US4934369 *Mar 23, 1989Jun 19, 1990Minnesota Mining And Manufacturing CompanyIntravascular blood parameter measurement system
US4936679 *Nov 12, 1985Jun 26, 1990Becton, Dickinson And CompanyOptical fiber transducer driving and measuring circuit and method for using same
US4951669 *Aug 8, 1988Aug 28, 1990Minnesota Mining And Manufacturing CompanyBlood parameter measurement system
US4981355 *May 12, 1989Jan 1, 1991Baxter International Inc.Calibration cup for in vitro calibration of an oxygen saturation monitor and method of using same
US4989606 *Aug 8, 1988Feb 5, 1991Minnesota Mining And Manufactoring CompanyIntravascular blood gas sensing system
US4994059 *Sep 1, 1988Feb 19, 1991Gv Medical, Inc.Laser catheter feedback system
US5034010 *Sep 22, 1989Jul 23, 1991Massachusetts Institute Of TechnologyOptical shield for a laser catheter
US5048524 *Mar 3, 1989Sep 17, 1991Camino Laboratories, Inc.Blood parameter measurement
US5048525 *Jun 18, 1990Sep 17, 1991Minnesota Mining And Manufacturing CompanyBlood parameter measurement system with compliant element
US5104392 *Oct 11, 1989Apr 14, 1992Massachusetts Institute Of TechnologyLaser spectro-optic imaging for diagnosis and treatment of diseased tissue
US5106387 *Sep 21, 1989Apr 21, 1992Massachusetts Institute Of TechnologyMethod for spectroscopic diagnosis of tissue
US5125404 *Nov 21, 1989Jun 30, 1992Massachusetts Institute Of TechnologyApparatus and method for obtaining spectrally resolved spatial images of tissue
US5175016 *Mar 20, 1990Dec 29, 1992Minnesota Mining And Manufacturing CompanyMethod for making gas sensing element
US5195963 *Jan 14, 1992Mar 23, 1993Minnesota Mining And Manufacturing CompanyMethod and system for monitoring of blood constituents in vivo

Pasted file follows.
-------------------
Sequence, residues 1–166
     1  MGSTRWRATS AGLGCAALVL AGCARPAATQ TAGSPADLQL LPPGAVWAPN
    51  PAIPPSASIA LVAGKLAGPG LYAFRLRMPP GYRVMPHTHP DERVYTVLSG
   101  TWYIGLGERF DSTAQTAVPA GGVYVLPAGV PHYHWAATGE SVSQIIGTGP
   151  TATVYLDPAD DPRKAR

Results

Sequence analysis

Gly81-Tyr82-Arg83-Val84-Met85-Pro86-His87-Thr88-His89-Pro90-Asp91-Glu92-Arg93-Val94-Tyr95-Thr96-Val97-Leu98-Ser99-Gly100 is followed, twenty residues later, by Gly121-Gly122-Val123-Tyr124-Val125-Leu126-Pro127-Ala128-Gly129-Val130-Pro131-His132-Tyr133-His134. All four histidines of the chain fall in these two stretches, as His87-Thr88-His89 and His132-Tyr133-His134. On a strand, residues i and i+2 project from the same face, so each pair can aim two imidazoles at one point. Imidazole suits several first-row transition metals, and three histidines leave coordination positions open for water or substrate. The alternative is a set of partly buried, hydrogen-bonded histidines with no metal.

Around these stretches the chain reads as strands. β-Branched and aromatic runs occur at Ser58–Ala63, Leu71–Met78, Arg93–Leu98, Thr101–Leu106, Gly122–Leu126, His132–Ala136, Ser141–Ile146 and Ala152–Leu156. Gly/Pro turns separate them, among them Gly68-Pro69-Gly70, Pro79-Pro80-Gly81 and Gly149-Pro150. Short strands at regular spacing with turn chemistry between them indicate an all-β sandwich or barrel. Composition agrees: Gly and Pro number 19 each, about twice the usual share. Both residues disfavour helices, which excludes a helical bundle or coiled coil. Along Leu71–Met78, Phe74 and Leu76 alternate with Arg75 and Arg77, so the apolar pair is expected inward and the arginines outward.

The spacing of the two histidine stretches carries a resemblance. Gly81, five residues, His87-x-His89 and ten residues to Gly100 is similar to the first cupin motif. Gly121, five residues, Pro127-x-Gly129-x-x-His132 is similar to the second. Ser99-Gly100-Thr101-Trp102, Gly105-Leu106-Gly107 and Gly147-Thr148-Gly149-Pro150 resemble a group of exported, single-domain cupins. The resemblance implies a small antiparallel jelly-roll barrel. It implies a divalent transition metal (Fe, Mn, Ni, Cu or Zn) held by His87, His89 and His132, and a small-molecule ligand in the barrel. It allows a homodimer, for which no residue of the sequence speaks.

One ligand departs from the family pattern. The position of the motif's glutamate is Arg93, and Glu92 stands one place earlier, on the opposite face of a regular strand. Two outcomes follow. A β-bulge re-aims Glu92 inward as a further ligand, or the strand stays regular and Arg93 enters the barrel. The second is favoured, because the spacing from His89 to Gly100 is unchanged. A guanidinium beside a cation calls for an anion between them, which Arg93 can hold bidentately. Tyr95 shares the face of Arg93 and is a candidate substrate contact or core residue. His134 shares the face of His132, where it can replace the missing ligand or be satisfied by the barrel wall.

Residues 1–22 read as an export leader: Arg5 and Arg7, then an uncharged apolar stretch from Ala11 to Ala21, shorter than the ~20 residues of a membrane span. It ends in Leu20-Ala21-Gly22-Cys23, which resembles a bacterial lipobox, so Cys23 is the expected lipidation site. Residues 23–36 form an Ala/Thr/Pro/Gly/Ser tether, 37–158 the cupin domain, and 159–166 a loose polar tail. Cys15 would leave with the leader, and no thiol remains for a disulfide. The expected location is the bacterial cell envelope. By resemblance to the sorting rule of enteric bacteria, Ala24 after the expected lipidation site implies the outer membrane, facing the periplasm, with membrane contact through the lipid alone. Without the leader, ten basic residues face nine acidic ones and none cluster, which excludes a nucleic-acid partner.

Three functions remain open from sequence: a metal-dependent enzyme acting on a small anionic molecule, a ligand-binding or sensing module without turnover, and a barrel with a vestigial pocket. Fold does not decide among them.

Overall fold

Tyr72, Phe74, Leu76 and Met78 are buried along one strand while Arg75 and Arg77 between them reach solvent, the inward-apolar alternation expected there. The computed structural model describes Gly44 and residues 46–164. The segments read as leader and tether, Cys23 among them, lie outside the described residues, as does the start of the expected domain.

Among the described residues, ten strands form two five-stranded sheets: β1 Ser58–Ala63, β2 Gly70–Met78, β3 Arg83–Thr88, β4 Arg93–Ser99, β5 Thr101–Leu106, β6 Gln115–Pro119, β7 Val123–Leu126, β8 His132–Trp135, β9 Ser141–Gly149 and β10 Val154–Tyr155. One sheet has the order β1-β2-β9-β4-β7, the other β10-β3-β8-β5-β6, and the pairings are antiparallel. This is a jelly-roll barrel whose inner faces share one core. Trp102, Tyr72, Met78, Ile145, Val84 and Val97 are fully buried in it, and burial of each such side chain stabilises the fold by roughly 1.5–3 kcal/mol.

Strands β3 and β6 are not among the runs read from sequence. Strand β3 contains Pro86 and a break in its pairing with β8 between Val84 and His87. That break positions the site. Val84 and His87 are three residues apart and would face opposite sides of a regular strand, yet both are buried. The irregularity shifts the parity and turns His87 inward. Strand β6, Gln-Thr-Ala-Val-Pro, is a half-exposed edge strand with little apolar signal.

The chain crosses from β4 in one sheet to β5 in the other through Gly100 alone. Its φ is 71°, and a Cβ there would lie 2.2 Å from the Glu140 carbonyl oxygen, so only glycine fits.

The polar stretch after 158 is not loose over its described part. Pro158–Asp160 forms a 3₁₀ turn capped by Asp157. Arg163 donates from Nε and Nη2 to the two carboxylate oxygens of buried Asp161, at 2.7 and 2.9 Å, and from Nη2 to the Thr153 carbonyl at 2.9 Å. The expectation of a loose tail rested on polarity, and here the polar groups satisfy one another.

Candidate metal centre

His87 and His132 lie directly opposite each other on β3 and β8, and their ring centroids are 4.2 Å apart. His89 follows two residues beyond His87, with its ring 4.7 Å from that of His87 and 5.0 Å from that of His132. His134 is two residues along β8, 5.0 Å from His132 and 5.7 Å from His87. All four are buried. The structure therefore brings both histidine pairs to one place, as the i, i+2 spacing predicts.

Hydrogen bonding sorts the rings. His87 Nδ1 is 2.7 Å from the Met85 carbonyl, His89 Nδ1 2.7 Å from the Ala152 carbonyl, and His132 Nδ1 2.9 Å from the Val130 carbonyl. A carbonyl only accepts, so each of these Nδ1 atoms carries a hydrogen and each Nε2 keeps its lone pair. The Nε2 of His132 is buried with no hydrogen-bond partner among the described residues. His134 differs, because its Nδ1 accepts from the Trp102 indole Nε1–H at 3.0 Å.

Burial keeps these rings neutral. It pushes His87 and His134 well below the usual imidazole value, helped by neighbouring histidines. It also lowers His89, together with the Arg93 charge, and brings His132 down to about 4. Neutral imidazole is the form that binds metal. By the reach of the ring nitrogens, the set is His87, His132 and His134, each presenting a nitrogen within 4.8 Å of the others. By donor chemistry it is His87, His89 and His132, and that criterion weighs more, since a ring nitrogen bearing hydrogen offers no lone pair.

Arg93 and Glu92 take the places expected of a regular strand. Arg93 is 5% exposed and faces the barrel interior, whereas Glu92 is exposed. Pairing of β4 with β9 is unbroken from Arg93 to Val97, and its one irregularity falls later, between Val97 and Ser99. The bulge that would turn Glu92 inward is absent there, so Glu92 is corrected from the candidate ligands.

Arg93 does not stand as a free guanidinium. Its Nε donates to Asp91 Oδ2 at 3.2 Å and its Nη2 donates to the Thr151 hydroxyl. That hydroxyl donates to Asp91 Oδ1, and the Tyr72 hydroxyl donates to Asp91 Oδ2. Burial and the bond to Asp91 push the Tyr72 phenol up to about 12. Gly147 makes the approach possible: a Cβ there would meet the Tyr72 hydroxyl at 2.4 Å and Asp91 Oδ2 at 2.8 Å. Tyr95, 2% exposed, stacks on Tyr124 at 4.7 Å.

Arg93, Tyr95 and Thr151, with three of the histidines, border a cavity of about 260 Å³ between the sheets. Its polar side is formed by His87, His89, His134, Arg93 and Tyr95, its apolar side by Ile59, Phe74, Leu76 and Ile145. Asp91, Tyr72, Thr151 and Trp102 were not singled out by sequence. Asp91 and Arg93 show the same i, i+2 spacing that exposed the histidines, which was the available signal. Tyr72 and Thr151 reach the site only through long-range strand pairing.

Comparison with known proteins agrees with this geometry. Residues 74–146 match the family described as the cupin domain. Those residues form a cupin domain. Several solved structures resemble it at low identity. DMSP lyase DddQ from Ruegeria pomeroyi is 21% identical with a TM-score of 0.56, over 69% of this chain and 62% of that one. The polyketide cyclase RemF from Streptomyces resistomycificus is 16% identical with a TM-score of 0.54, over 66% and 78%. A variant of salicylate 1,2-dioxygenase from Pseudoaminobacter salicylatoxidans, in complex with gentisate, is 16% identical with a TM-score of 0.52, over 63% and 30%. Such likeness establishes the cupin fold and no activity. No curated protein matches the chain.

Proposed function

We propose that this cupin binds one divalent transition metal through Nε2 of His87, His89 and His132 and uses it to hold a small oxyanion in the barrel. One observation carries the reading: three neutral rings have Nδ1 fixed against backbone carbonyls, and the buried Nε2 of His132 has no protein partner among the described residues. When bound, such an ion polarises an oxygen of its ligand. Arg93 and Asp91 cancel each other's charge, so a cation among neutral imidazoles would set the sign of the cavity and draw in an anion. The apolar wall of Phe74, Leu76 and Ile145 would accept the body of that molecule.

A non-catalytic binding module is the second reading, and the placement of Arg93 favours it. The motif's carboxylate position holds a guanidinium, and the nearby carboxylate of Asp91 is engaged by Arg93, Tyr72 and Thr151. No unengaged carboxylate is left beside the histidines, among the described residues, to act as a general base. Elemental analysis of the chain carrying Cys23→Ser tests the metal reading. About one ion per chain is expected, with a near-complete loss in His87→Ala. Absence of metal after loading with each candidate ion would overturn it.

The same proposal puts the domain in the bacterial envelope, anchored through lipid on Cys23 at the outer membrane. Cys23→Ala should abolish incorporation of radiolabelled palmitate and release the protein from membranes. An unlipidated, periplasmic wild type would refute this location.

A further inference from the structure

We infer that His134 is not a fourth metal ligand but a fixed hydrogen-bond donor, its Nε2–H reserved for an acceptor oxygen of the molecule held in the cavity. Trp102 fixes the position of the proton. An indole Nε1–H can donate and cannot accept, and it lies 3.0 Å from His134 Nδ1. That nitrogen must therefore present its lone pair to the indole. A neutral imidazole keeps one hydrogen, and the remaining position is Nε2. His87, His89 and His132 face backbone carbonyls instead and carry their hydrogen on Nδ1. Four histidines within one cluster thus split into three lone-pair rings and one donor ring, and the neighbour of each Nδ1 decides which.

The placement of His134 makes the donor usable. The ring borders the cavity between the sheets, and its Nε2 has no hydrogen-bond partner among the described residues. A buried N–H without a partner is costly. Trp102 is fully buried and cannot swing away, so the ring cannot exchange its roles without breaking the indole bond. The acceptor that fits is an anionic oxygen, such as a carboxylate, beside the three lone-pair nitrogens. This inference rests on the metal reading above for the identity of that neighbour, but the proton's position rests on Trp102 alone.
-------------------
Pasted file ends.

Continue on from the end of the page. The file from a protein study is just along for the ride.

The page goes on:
US5199431 *Oct 4, 1989Apr 6, 1993Massachusetts Institute Of TechnologyOptical needle for spectroscopic diagnosis
US5284775 *Sep 21, 1992Feb 8, 1994Minnesota Mining And Manufacturing CompanyBlends of sensing component, polymer precursor amd hydroxy-alkylcellulose dispersants; detecting carbon dioxIde in blood
US5304173 *Jul 20, 1993Apr 19, 1994Massachusetts Institute Of TechnologySpectral diagonostic and treatment system
US5318024 *Dec 16, 1991Jun 7, 1994Massachusetts Institute Of TechnologyLaser endoscope for spectroscopic imaging
US5335658 *Jun 29, 1992Aug 9, 1994Minnesota Mining And Manufacturing CompanyIntravascular blood parameter sensing system
US5345932 *Jan 15, 1993Sep 13, 1994Minnesota Mining And Manufacturing CompanyMethod and system for monitoring of blood constituents in vivo
US5351693 *Oct 13, 1993Oct 4, 1994Baxter International Inc.Ultrasound probe for use with transport catheter and method of making same
US5365925 *Aug 13, 1993Nov 22, 1994Ohmeda Inc.Disposable calibration boot for multi-point calibration in fiber optic sensors
US5417688 *Dec 22, 1993May 23, 1995Elstrom; John A.Optical distal targeting system for an intramedullary nail
US5421328 *May 20, 1994Jun 6, 1995Minnesota Mining And Manufacturing CompanyIntravascular blood parameter sensing system